At the same time, we should be open to the possibility that many of our institutional structures and programs may have hidden biases against certain demographics. For example, a recent report from the American Journal of Public Health:
"finds that highly influential transportation engineers relied on shoddy research to defend policies that discourage the development of protected bike lanes in the U.S. In their paper, the researchers point out that male-dominated engineering panels have repeatedly torpedoed street designs that have greater appeal to female cyclists," according to Streetsblog.
Kids, too, are impacted by this lack of separated facility. As Susie Strachan, a mother quoted in a recent Guardian article, observes when asked whether she'd let her seven year old cycle to school, ""It's too dangerous at this age. I don't know anyone who does it but I think a lot of us would consider it if there were segregated bike lanes."
Henry Grabar, writing at Atlantic Cities, argues that this separated infrastructure may also re-frame the enforcement debate. In his thought-provoking piece he argues that we should never fine cyclists for traffic infractions, asking:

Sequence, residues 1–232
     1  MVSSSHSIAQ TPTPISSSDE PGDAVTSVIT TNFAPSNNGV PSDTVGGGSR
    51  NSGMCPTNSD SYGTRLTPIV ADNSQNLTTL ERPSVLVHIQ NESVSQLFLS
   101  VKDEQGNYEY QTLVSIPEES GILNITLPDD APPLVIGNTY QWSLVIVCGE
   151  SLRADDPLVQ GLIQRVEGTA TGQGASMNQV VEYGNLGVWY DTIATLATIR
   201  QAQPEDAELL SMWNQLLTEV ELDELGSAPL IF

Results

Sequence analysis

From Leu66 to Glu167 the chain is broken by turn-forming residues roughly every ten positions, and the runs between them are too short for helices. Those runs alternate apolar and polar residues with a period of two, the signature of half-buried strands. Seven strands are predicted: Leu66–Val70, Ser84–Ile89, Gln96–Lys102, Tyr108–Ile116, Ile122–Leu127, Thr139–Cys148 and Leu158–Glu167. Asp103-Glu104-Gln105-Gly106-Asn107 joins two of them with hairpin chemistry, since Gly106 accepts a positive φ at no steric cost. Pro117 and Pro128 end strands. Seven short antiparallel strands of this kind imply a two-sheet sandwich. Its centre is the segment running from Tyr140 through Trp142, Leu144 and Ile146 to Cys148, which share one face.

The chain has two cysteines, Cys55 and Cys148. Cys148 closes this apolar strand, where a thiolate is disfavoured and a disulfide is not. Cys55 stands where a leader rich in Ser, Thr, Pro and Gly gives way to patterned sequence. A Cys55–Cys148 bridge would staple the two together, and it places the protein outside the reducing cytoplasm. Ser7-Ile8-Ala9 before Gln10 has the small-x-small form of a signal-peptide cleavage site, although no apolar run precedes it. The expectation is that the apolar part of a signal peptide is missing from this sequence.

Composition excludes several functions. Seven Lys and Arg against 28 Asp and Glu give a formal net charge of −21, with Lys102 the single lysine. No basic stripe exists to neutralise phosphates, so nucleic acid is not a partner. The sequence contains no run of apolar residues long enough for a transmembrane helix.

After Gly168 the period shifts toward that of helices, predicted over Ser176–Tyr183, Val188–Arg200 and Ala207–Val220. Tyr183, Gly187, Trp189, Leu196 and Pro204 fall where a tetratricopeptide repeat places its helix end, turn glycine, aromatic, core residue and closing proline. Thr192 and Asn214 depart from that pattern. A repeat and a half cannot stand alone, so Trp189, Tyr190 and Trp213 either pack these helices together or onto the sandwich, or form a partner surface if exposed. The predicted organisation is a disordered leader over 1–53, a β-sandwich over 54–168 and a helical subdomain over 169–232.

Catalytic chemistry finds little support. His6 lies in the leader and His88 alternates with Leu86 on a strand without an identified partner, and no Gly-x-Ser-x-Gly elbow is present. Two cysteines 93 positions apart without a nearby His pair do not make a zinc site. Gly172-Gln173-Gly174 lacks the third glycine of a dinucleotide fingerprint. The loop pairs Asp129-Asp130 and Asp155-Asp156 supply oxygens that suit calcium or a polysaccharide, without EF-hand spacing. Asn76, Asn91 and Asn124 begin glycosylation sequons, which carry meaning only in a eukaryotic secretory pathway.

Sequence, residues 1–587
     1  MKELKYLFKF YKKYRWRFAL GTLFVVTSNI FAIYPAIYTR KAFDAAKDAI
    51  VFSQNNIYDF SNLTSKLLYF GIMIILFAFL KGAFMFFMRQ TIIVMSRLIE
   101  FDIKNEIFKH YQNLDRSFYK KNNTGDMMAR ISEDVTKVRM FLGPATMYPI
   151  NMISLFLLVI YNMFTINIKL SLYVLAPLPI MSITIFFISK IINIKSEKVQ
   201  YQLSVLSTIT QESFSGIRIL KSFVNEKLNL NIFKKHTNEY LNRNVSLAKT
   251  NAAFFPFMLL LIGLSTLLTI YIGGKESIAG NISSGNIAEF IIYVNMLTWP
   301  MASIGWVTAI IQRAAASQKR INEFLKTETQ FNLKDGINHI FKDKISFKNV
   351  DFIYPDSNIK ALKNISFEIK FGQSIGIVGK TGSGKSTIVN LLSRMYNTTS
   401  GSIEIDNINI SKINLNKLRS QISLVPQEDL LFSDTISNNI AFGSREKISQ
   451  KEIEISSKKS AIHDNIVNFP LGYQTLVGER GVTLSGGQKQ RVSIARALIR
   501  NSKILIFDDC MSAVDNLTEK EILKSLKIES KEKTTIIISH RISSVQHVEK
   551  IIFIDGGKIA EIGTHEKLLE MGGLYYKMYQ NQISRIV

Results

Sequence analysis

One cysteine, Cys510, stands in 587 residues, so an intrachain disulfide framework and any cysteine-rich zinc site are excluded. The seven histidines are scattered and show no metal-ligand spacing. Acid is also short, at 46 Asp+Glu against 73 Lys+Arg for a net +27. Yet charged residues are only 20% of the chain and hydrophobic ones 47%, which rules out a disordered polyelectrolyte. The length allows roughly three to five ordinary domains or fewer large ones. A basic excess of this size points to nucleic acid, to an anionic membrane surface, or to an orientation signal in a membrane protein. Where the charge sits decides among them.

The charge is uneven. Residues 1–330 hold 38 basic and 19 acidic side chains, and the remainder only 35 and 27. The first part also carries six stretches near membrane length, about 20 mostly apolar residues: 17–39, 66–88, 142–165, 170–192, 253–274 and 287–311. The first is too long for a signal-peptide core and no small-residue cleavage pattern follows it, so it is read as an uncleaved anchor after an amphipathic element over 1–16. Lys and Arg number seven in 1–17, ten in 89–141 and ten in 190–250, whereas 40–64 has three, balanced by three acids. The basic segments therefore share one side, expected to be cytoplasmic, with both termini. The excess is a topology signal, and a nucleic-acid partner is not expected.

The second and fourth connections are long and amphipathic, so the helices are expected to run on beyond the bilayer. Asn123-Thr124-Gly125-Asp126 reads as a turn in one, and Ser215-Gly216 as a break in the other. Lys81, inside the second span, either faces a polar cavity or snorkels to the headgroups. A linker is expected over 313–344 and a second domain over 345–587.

Why should people riding 20-pound bicycles obey laws designed to regulate the conduct of 4,000-pound cars, to say nothing of accepting the same penalties? In terms of the damage we can cause and sustain in an accident, cyclists have more in common with pedestrians than cars and should be treated accordingly.
It will be separated bike lanes, not the threat of fines, that reduce our incentive to jump ahead of fast-moving traffic, hop up onto sidewalks, and pedal up one-way streets. That infrastructure will also provide structural enforcement of group behavior (the first people in line decide how the rest will act) and the social pressure of group riding, which veers towards the sensible and the safe. Among the cyclists I join each morning on my way to work, there is a palpable sense of group-regulated conduct. We all make the same decisions at each light. Some of them are illegal, but all of them are safe.
The Ideal Cyclists we all strive to be
Finally, for some tongue-in-cheek fun, check out the Greater Greater Washington description of the Ideal Cyclist. It is Swiftian perfection. An excerpt:
The Ideal Cyclist stops at all traffic lights and all stop signs. He stops at all lights period, red or otherwise. You can render the Ideal Cyclist immobile with a flashlight. An octagon of any sort is paralytic.